Sexual abuse among young people: problem or panic?

Wednesday 19 October, 19.30 - 21.00 , The Friends' Meeting House, Ship Street, Brighton UK satellite events

While public awareness of sexual abuse is ever increasing, an understanding of its causes, how it can be prevented, and even its definitions lag behind. Some assume that sexual offences are largely committed by adult men on women and children, yet there has been increasing concern over so-called peer-to-peer sexual abuse, with seemingly more common and visible cases involving young people, both as victims and as offenders.

The rise of sexting, ubiquitous online pornography and a hyper-sexualised society are often blamed, and it is now regularly argued that many young people don’t understand the concept of sexual consent.  On the other hand, some are concerned there is a danger that the increased scrutiny of the sex lives of young people and expanded definitions of what constitutes sexual violence, could be stoking a moral panic, conflating isolated incidents of serious abuse with the clumsy sexual encounters many teenagers go through.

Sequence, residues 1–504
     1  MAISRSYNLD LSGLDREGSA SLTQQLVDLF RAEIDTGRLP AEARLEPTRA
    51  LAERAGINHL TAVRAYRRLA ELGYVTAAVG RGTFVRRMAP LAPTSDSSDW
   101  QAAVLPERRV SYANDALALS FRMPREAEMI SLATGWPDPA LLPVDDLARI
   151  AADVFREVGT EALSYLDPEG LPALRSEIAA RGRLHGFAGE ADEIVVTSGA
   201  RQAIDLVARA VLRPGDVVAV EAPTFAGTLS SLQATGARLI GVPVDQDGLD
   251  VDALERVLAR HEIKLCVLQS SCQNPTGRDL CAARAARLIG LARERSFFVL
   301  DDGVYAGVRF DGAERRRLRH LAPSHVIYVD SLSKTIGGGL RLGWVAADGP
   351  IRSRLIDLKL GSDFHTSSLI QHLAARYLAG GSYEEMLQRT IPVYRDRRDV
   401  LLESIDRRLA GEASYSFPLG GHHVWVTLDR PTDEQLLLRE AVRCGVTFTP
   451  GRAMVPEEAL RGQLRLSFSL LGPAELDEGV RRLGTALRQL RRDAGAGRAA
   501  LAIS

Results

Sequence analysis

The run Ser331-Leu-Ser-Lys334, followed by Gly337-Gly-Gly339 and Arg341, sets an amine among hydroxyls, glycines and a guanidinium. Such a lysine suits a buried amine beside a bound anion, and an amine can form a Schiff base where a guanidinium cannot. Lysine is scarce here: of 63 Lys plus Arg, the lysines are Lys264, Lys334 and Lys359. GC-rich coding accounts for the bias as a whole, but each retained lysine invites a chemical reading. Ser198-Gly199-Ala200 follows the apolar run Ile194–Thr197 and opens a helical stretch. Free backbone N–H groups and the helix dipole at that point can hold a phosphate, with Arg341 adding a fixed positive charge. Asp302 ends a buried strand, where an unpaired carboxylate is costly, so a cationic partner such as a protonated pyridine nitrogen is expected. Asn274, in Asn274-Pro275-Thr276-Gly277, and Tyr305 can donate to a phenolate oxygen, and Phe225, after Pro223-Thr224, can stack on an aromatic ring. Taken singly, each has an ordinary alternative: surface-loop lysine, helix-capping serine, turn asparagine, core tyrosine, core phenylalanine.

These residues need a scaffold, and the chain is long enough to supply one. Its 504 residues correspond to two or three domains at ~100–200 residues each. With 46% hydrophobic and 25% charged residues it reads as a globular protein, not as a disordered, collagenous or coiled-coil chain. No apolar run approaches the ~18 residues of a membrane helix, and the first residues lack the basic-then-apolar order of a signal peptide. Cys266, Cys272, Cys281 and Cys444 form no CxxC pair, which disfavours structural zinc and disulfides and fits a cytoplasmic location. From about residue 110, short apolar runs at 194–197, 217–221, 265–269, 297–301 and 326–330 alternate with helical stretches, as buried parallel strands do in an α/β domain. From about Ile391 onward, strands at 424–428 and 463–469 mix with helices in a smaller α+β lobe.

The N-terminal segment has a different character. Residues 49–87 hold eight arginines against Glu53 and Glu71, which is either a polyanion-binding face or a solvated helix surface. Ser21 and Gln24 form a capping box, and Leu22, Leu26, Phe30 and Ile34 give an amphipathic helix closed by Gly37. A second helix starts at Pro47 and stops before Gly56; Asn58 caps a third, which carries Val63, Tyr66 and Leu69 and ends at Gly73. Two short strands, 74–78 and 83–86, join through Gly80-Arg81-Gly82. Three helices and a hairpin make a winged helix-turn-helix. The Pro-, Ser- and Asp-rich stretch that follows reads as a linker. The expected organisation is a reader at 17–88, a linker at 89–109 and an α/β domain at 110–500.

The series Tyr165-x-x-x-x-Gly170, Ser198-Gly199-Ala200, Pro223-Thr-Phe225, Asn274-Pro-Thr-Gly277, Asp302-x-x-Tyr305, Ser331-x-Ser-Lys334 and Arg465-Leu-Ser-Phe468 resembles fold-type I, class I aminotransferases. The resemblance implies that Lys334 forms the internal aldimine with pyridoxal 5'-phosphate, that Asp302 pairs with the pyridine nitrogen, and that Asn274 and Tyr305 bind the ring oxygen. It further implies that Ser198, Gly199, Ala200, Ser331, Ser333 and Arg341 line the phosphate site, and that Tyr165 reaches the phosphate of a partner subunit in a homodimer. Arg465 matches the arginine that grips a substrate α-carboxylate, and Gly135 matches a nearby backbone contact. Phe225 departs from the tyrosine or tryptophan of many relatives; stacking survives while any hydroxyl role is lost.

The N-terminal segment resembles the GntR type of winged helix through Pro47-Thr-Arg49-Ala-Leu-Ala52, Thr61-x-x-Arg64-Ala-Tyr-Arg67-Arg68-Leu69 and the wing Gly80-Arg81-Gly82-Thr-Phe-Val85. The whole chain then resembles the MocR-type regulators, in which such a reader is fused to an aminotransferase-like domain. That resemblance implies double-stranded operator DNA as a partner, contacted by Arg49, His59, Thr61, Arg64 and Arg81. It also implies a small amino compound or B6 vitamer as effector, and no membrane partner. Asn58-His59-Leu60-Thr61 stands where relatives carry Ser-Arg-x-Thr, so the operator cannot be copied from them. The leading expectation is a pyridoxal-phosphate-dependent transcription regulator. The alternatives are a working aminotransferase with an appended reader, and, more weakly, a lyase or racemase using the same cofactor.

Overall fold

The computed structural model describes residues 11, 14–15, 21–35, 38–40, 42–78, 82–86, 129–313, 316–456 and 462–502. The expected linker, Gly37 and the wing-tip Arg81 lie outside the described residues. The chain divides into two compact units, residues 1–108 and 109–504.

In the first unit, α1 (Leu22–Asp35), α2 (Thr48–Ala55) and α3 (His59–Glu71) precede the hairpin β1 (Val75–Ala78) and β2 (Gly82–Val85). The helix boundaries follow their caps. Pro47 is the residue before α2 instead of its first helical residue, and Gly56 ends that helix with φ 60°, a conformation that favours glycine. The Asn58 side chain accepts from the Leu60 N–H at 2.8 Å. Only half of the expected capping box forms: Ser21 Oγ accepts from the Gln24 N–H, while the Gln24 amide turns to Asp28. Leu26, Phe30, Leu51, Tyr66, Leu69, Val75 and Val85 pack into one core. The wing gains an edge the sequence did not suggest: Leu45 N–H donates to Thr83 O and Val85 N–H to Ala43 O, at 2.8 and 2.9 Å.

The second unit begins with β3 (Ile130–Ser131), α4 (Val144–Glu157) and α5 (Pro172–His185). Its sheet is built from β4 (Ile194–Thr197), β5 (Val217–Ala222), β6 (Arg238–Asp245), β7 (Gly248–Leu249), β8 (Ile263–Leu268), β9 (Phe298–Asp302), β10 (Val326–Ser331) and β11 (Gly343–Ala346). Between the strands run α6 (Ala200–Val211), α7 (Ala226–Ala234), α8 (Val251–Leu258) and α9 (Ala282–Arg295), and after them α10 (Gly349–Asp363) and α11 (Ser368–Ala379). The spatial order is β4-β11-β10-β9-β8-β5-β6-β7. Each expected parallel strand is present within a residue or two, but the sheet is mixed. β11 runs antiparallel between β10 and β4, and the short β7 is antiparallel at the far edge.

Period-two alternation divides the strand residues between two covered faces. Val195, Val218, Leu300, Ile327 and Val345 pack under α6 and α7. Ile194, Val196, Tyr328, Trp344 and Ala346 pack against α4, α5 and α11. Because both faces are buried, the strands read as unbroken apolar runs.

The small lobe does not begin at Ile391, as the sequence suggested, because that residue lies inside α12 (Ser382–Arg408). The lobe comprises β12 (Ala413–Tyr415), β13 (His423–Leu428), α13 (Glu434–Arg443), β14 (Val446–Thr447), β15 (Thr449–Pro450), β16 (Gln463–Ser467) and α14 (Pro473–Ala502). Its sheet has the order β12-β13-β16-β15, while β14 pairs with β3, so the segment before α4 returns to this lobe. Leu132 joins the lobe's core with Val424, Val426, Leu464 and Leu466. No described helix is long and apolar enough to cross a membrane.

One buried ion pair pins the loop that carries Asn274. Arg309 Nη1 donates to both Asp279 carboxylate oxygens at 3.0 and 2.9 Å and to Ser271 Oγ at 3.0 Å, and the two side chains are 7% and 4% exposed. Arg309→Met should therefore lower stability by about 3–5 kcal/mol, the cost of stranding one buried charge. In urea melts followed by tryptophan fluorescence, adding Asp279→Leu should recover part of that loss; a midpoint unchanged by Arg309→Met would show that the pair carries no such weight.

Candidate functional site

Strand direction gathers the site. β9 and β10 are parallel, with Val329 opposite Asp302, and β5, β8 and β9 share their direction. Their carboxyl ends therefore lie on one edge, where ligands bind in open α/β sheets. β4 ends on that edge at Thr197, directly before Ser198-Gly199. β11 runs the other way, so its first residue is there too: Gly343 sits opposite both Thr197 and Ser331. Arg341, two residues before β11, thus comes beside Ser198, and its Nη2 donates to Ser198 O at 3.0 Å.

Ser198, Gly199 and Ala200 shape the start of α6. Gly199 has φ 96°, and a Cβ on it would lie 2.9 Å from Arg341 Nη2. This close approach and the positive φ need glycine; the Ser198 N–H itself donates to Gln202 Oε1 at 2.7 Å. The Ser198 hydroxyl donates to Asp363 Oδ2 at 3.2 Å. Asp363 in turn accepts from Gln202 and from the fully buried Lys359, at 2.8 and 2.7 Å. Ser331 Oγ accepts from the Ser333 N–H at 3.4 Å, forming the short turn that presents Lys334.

If more young people are seen to be sexual offenders, there is further controversy about whether treatment and rehabilitation are possible and whether or how young people who sexually offend can be rehabilitated and reintegrated into society.

How might sexual harm among young people be prevented from happening in the first place? Is there a need for more sex education, lessons in consent, harsher punishments for offenders, new types of professional interventions or increased monitoring of what young people get up to online? Is there a danger of conflating the awkward fumbling of teenagers with serious criminal offences? And where do we draw the line between legitimate concern for the welfare of young people, and harmful intrusion into their private lives?